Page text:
May 2006
Volume 47, Issue 13
ARVO Annual Meeting Abstract  |   May 2006
Compromised Binocularity Between First and Second Eye Cataract Surgery
Author Affiliations & Notes
  • A.L. Finlay
    Applied Vision Research Centre, City University, London, United Kingdom
  • D.V. Seal
    Applied Vision Research Centre, City University, London, United Kingdom
  • C. Lobo
    Department of Ophthalmology, University Hospital of Coimbra, Coimbra, Portugal
  • F. Lees
    Department of Statistics and Modelling Science, University of Strathclyde, Glasgow, United Kingdom
  • P. Barry
    St Vincent's Eye and Ear Hospital, Dublin, Ireland
  • Footnotes
    Commercial Relationships  A.L. Finlay, None; D.V. Seal, None; C. Lobo, None; F. Lees, None; P. Barry, None.
  • Footnotes
    Support  ESCRS
Investigative Ophthalmology & Visual Science May 2006, Vol.47, 669. doi:
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      A.L. Finlay, D.V. Seal, C. Lobo, F. Lees, P. Barry; Compromised Binocularity Between First and Second Eye Cataract Surgery . Invest. Ophthalmol. Vis. Sci. 2006;47(13):669.

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      © ARVO (1962-2015); The Authors (2016-present)

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Purpose: : Bilateral surgery for age related cataract, undertaken as a staged procedure, will inevitably result in a period in which one eye has poorer acuity than the other. We investigate the magnitude of this inter–ocular difference in acuity, the time between procedures and the effect this degraded binocularity may have on a patient’s lifestyle.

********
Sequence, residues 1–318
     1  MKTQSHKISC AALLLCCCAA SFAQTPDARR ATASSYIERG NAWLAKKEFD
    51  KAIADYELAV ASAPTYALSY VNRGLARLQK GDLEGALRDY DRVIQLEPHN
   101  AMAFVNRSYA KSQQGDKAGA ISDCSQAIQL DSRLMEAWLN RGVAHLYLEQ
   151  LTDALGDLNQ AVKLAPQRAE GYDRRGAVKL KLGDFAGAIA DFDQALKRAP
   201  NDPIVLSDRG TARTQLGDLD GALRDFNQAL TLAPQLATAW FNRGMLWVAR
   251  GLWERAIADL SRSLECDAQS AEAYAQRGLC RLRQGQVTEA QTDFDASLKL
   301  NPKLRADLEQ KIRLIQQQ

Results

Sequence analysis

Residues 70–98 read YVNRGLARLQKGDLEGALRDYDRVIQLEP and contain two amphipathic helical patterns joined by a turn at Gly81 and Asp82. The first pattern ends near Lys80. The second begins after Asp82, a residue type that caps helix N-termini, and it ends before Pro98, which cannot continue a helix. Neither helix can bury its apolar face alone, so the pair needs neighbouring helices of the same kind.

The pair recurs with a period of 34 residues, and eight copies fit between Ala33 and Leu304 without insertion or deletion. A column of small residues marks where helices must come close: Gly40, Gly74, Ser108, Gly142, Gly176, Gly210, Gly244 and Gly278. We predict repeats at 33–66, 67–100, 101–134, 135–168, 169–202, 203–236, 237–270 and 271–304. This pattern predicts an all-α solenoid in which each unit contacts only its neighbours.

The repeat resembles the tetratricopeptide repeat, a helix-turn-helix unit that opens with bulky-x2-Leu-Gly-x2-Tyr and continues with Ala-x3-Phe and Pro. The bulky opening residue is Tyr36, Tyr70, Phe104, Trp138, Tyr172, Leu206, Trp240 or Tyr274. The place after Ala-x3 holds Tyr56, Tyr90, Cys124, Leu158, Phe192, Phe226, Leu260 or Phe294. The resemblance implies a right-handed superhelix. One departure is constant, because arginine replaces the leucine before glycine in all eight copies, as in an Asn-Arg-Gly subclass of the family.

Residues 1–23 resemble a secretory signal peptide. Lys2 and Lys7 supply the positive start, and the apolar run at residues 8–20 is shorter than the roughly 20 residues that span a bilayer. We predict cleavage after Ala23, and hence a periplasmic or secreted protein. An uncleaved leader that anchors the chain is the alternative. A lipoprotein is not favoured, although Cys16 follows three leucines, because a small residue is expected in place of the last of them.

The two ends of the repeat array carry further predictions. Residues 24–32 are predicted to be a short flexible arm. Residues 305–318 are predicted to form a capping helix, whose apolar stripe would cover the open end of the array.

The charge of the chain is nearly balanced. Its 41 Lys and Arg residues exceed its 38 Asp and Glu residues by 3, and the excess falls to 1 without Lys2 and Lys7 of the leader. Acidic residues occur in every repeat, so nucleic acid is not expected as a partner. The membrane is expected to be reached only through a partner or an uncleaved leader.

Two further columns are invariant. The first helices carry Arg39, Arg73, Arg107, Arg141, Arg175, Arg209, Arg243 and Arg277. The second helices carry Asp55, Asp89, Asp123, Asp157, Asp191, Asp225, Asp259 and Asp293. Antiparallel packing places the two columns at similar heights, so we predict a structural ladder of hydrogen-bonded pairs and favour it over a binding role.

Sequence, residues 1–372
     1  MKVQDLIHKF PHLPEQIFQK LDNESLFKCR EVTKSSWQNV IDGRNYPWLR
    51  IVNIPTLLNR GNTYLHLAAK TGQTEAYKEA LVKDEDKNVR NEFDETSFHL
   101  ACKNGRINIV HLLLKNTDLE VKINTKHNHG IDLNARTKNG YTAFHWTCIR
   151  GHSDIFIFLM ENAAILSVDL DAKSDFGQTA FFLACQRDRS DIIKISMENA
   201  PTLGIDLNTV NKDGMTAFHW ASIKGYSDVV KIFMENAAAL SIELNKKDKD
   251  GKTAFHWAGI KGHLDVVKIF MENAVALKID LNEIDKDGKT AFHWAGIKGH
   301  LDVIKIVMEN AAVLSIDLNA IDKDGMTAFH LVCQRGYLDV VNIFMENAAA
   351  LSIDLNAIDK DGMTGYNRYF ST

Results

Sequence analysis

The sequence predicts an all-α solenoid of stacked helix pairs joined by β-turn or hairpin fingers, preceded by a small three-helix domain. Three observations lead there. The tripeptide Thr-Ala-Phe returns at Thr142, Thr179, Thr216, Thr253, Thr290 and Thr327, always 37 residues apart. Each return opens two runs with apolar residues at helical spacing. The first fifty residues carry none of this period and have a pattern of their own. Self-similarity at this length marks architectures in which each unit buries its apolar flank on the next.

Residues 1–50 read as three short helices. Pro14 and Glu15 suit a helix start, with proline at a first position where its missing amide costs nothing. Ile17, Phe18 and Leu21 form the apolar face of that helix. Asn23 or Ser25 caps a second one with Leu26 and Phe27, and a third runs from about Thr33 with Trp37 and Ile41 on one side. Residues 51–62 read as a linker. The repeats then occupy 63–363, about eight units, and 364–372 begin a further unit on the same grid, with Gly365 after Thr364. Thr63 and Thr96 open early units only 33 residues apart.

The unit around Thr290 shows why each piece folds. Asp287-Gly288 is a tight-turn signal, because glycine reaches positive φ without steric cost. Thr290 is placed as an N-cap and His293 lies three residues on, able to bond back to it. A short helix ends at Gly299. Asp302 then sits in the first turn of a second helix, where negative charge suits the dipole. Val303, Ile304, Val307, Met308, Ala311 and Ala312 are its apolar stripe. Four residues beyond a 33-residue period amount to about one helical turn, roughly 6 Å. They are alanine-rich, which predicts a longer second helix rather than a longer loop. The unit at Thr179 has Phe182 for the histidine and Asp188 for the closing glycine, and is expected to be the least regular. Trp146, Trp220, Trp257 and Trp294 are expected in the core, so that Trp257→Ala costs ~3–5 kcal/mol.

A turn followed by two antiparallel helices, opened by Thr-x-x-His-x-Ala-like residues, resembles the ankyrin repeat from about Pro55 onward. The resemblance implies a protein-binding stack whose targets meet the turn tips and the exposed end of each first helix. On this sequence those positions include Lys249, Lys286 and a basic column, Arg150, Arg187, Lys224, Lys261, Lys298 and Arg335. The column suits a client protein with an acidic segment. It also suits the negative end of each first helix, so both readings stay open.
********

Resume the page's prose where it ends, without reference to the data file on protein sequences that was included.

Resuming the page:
Methods: : We present sample data from within a multi–centre, multi–national prospective study of endophthalmitis prophylaxis. We show that, due to monocular cataract and monocular pseudo–phakia, individuals may be forced to live with an inter–ocular visual acuity difference for long periods of time. Acuity has been measured in each eye pre–operatively and in the operated eye post–operatively using standard clinical methods, and then converted to a LogMAR equivalent.

Results: : A random sample of 23 patients from the first centre in this on–going study show a mean inter–ocular acuity difference of 0.42+0.24 logMAR (1 SD) immediately after first eye surgery, increasing to 0.52+0.30 logMAR (1 SD) just prior to second eye surgery. For a period between 52 and 485 days (mean 332 +119) these patients had to cope with an inter–ocular acuity difference equivalent to 3–4 lines of Snellen. Under these conditions everyday viewing and hence lifestyle may be compromised.

Conclusions: : Questionnaire studies have validated the need for second eye surgery, but we investigate the effect that compromised binocularity between first and second eye surgery may have on quality of life. Monocular cataract can cause binocular inhibition and intermittent disabling glare, leading to degraded acuity and contrast sensitivity. The Pulfrich phenomenon, inappropriate motion perception, has been demonstrated in patients with monocular cataract. Instability and deficits in fine visuo–motor control have been associated with low grade binocular function. We discuss the implications of this delay before second eye surgery for this elderly population, particularly its effect on everyday activities such as personal mobility and driving.

Keywords: binocular vision/stereopsis • cataract • quality of life 

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